Although it’s relatively safe to assume that wildly competitive professional athletes are at least partly driven by a too-early taste of power, it’s still an assumption. We cannot be sure why Rafa’s catalog of fears is so extensive. There are no doubt multiple factors involved. Still, it would not come as a surprise if at least some of the fears turned out to be compensatory. In other words, the fearful Rafa might be a protective retreat from the fearsome version. Similarly, the humble Rafa might serve to counterbalance the threatening experience of a Nadal who wants to sink his teeth into every trophy in sight.

If this is true, if Rafa’s fears are somehow compensating for his power, which he experiences as “too much,” then the restricted dimensions of a tennis court provides a safe place for danger. Within the solid white lines, Nadal is clearly able to unleash the full measure of his competitive, even destructive impulses. The tennis court acts like a sturdy container for all that ferocity.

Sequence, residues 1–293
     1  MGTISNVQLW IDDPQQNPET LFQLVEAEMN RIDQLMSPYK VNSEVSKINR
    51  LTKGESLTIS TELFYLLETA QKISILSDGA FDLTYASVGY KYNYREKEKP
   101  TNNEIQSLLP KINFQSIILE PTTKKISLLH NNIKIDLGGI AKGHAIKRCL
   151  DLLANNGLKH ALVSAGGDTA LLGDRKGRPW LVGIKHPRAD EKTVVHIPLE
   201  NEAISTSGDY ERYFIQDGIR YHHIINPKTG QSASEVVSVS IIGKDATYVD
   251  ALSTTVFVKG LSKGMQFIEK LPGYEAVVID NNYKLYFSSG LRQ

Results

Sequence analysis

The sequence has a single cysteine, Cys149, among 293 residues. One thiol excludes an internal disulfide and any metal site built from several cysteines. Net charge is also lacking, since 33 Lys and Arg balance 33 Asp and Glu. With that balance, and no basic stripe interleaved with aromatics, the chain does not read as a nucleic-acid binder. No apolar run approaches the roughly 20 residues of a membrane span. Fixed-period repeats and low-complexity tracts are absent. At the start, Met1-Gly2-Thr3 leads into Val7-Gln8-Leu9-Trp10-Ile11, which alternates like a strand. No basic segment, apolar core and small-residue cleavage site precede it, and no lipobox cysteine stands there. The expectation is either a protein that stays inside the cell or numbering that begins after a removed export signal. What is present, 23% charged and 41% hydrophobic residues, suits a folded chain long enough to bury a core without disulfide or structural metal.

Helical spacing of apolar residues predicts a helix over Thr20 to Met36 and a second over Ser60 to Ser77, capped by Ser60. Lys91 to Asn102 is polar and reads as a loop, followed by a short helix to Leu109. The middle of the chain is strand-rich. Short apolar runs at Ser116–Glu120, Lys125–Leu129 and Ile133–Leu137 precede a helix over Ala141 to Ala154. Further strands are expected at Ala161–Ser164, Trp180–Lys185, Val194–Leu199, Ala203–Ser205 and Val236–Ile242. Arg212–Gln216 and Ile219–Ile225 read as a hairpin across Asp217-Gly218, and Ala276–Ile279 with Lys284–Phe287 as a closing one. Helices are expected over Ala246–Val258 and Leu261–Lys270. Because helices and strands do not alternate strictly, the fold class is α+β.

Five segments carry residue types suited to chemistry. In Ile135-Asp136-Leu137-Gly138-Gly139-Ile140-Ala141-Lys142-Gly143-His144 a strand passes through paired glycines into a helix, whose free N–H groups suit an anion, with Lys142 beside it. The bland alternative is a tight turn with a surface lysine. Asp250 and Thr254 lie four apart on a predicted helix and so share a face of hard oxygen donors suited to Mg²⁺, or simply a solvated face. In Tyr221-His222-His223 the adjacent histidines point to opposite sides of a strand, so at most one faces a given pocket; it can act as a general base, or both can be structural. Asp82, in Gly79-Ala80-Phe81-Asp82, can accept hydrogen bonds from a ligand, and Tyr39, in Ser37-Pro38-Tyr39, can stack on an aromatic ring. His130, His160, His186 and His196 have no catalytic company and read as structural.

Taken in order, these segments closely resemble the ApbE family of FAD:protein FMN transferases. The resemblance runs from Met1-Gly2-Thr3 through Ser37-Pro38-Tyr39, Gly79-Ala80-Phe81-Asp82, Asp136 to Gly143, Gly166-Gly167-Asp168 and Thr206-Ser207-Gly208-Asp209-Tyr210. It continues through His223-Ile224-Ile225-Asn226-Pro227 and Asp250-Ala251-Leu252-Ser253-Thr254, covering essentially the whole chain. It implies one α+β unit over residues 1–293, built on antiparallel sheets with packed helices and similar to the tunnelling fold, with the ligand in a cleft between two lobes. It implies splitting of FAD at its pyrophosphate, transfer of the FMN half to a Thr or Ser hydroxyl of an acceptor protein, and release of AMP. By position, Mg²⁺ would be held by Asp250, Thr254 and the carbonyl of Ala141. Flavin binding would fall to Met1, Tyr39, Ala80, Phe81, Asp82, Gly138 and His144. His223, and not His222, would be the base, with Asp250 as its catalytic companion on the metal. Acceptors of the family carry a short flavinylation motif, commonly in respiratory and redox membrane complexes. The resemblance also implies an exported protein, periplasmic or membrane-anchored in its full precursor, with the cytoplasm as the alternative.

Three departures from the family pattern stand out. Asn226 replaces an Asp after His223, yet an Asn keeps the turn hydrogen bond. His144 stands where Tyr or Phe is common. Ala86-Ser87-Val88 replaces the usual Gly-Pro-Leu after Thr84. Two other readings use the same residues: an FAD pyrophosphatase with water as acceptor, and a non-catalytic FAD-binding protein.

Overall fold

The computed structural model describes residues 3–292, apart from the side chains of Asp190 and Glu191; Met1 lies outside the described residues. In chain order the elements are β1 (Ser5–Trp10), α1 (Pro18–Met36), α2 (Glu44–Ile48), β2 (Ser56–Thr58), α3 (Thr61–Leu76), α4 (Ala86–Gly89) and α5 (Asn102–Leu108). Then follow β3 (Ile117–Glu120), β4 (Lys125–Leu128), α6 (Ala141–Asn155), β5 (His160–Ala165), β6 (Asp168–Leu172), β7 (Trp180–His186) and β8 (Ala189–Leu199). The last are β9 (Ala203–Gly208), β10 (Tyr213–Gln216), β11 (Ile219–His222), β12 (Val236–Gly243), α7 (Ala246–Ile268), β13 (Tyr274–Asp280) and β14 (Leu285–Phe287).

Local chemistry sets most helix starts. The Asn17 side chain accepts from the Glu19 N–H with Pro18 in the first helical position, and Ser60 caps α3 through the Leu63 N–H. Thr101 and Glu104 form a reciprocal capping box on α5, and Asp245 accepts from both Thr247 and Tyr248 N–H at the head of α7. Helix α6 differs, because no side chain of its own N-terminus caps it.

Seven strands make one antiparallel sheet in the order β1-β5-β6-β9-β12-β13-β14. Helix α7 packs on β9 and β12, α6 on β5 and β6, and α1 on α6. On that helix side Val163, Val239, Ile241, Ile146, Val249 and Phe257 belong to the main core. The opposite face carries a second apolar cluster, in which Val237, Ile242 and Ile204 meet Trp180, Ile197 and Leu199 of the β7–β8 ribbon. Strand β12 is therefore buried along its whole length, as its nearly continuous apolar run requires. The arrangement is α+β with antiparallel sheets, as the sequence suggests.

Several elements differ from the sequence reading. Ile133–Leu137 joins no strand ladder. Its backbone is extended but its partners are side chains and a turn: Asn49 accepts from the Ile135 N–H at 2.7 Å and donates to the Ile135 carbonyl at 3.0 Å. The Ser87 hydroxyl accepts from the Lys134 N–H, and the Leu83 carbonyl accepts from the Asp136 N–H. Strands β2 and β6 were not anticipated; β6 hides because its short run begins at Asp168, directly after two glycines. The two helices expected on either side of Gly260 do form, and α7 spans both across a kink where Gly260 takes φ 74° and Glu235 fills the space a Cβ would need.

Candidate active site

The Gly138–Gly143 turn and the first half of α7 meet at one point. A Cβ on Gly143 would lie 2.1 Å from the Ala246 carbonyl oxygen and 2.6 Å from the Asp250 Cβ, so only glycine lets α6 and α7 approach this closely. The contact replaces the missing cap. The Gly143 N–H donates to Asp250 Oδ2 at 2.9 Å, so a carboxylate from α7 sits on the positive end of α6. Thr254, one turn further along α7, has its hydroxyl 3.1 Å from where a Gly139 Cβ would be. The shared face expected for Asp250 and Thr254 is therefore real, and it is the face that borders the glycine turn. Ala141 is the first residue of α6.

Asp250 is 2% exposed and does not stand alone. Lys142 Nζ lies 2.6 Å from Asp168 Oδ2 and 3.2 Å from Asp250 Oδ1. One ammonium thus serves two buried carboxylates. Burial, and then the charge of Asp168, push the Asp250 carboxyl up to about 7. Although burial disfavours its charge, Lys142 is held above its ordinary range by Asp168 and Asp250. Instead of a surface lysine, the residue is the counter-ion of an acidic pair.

In contrast, experiencing competitive desires in relation to a dearly loved younger sister might feel not just dangerous, but treacherous. By this same logic, animals–even domesticated cats and dogs—represent unfettered instinctual aggression and are therefore not to be trusted. The same is true for Nadal's 6.0-liter V12 Aston Martin DBS. The danger is perceived to be outside of the self, and therefore must be subdued and controlled—in the case of his Aston Martin, by his tendency to ride the brakes. If we continue to scroll through the fear catalog, Freudians might say Rafa’s apprehension of flying in helicopters compensates for the desire to get “too high (and mighty).” His fear of needles could represent a fear of being penetrating (hello, forehand). Jungians would link the fear of the dark to a retreat from one’s own shadow side, which usually includes traits like envy, arrogance or greed (all very human experiences). So far as I know, there are no psychological theories about the fear of cheese.